• Haluronic acid, glycosaminoglycans: big molecules that bind to water and make it viscous like honey/jelly
  • Buys time so that your leucocytes can come defend
  • Fat is in the hypodermis (deep to the dermis)
    • Dermis’ collagen is anchored down here (holding on the palm of your hand)

Slide 5 Early cirrhosis of the liver (due to hepatitis)

[Chronic active hepatitis, cirrhosis]

  • Leucocytes are migrating in (dark purple blobs – these are their nuclei)
    • They are lymphocytes (all nucleus and not much cytoplasm)
    • Trying to fight the hepatitis C infection
    • (Most cells don’t have much RNA [unless they are mass production cells] hence dark purple usually indicates DNA [nucleus])
  • Hepatitis C
    • Gets into liver and stays for a long time
    • Ongoing recruitment of lots of host defense
    • Results in inflammation: 1) vessels dilate and become congested 2) oedema 3) leucocytes recruited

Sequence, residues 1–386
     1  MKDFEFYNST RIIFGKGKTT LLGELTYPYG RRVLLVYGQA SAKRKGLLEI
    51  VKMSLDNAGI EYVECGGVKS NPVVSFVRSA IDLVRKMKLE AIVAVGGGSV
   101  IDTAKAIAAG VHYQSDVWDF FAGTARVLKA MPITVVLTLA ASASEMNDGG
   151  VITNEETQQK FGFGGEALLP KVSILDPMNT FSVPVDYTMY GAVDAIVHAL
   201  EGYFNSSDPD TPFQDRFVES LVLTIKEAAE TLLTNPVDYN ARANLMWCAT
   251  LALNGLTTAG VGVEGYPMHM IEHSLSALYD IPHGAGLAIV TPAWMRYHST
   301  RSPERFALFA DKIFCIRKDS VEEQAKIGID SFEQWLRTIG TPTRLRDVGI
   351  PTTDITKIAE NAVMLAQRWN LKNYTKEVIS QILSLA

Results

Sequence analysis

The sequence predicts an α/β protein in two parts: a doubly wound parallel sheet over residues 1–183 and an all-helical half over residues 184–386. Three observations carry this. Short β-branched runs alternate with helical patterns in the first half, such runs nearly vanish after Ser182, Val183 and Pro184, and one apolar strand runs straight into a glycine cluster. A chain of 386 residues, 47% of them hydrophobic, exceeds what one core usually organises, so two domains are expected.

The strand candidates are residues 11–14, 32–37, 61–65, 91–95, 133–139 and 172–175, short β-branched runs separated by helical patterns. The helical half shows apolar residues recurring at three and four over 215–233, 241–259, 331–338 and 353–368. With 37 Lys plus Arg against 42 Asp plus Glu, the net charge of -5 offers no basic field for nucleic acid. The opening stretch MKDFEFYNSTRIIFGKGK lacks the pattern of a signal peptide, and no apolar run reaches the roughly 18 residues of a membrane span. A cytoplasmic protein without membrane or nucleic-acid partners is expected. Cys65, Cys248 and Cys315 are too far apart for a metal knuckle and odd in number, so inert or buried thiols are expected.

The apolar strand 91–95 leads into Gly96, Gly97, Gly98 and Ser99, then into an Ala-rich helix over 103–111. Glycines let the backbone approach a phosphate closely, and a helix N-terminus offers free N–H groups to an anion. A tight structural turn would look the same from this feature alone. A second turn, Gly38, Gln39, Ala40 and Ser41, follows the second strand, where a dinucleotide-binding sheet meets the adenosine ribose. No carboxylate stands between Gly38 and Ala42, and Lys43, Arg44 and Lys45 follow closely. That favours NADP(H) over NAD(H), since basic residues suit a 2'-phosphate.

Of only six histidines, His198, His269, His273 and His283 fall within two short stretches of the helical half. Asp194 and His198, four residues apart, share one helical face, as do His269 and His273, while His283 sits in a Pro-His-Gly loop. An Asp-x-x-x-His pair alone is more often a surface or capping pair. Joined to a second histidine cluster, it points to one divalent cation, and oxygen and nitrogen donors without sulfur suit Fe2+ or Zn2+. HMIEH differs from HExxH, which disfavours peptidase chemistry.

• –itis = inflammation
    • hepar- = liver
  • Tissue was damaged
  • We see round clear spaces [adipose]
    • Possibilities: 1) air 2) fat 3) just fluid
    • Alcohol and xylene from slide preparation dissolve the fat
    • Fat blobs are spheres (to minimise SA:V)
    • Liver normally processes lipids
    • Disease state means that the liver doesn’t work properly and liver accumulates fats. Hence we have fatty blobs
  • Cells with 2 nuclei: mitosis
    • Trying to regenerate after damage
  • However, there was tissue damage with liver cells showing fat accumulation
    • Lots of inflammation
    • Cannot regenerate properly
    • Instead, there is repair, with scarring (collagen)
    • Therefore the structured plating of the liver is damaged (and so these tissues are not properly functional)
    • This liver is made of blobs of cells surrounded by scarring (collagen)
    • This is called cirrhosis.
  • Liver (a blood cleanser) not functioning properly
    • Hence there will be changes in the blood composition